Guest Post: Lessons in financial survival

Lessons learned from foot and mouth outbreak are showing how businesses can adapt to the coronavirus impact

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Almost 20 years ago Britain was in the grip of a health crisis, but instead of confining thousands of people to homes and hospital, it shut down the nation’s farms and devastated the rural and tourist economy.

As a front-line advisor during the 2001 crisis, Brent Treloar the business development manager for the Cornwall & isles of Scilly Investment Fund (CIOSIF), shares the financial survival approach adopted by the national Business Link service during that time.

This also includes advice on the UK Government’s current key financial support measures initiated to deal with the Coronavirus crisis. The key strategy for those businesses severely impacted was to adopt a ‘business hibernation’ approach and ensure as much cash flow as possible was preserved in the business. To achieve this, 5 key steps were recommended:

  1. To stay in business, businesses will likely have to consider a severe reduction of their costs. A thorough assessment of all costs needs to made and all but vital operational costs should be cut…immediately! Any overheads should sought to be deferred for at least three months, including rents, insurances, existing bank loans, mortgages, lease and hire purchase arrangements.
  2. Businesses will quickly find they owe more than their available cash. Therefore, they must prioritise what they pay. Only paying obligations that will shut them down if they don’t pay them and ‘trickle’ pay others. Also seek to accept trickle payments from outstanding debtors. Most businesses will be willing to work with together if they believe that eventually everyone will get paid what they are owed.
  3. Plan the cash flow carefully. Businesses should assess the exact cash they have and any receivables they expect to collect (remembering many debtors will also delay in paying). Build a detailed cash flow plan that lays out who you will pay, when you will pay them and how much you will pay them. Add in any support such as rateable grants and furloughing support for staff. Build your cash flow based on revenues that show a 3-6 month dip or shut-down, followed by a modest recovery and then returning to normal at the 12 month point.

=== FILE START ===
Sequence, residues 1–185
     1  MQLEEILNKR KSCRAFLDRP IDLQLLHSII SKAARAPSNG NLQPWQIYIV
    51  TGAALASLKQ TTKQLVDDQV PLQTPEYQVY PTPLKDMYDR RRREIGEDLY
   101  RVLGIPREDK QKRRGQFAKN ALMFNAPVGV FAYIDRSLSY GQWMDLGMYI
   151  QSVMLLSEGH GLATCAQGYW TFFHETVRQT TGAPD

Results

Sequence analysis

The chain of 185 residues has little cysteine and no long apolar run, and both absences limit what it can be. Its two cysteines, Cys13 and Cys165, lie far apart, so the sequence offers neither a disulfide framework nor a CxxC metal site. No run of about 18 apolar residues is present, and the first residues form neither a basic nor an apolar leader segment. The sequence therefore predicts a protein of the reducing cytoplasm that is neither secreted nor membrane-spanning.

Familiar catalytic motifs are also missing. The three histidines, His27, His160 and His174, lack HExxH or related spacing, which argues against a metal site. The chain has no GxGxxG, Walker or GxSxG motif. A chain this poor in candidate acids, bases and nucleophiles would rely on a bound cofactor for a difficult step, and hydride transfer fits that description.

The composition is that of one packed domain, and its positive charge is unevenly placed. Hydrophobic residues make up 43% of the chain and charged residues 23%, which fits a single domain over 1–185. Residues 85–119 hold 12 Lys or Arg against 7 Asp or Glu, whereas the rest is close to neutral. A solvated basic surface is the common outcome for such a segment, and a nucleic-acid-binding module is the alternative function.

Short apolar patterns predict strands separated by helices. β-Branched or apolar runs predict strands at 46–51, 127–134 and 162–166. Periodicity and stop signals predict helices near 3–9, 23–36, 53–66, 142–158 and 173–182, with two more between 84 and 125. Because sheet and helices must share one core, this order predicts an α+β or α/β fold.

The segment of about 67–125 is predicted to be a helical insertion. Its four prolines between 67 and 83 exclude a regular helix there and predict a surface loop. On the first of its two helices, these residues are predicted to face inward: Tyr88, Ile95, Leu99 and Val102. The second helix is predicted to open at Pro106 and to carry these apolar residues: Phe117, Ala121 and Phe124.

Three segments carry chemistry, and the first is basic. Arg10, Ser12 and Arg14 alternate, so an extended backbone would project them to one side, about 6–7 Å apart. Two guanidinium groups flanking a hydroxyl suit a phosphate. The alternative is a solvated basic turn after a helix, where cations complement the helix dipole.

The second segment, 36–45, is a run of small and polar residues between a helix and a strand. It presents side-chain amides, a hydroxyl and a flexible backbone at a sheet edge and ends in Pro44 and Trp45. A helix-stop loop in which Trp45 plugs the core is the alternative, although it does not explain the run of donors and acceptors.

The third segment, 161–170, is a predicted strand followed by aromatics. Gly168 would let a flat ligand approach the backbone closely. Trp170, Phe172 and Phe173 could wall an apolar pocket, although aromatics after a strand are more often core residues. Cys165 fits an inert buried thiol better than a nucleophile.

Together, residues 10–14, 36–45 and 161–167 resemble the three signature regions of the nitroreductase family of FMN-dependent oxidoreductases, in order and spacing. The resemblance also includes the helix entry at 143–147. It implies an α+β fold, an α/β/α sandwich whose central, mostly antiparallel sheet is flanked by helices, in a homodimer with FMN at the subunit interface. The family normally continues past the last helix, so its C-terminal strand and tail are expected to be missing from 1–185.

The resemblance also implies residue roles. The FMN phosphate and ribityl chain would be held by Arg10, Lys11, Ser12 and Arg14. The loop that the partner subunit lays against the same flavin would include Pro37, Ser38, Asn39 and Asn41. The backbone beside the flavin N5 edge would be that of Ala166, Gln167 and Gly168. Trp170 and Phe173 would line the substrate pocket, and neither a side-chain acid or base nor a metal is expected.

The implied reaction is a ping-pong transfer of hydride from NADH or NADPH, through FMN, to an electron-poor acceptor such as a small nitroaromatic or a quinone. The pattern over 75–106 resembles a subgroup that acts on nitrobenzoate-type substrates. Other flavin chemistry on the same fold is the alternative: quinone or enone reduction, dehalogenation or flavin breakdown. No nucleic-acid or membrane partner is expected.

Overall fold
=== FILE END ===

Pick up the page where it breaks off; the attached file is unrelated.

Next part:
4. Communicate often and regularly with all staff, creditors, debtors, other suppliers and finance providers about long-term plans post crisis to stay in business.
  5. Plug into all the Government and bank support to ensure sufficient cash flow support finance is available to see them through the crisis. The Chancellor has set out a package of measures to support businesses including:
  • Coronavirus Job Retention Scheme
  • Deferring VAT and Self-Assessment payments
  • Self-employment Income Support Scheme
  • Statutory Sick Pay relief package for small and medium sized businesses (SMEs)
  • 12-month business rates holiday for all retail, hospitality, leisure and nursery businesses in England
  • Small business grant funding of £10k for all business in receipt of small business rate relief or rural rate relief
  • Grant funding of £25k for retail, hospitality and leisure businesses with property with a rateable value between £15k and £51k
  • Coronavirus Business Interruption Loan Scheme offering loans of up to £5 million for SMEs through the British Business Bank
  • New lending facility from the Bank of England to help support liquidity among larger firms, helping them bridge coronavirus disruption to their cash flows through loans the HMRC Time To Pay Scheme

By understanding and accessing all the support available to their business and workforce through this global health emergency, business owners will maximise their chances of business survival.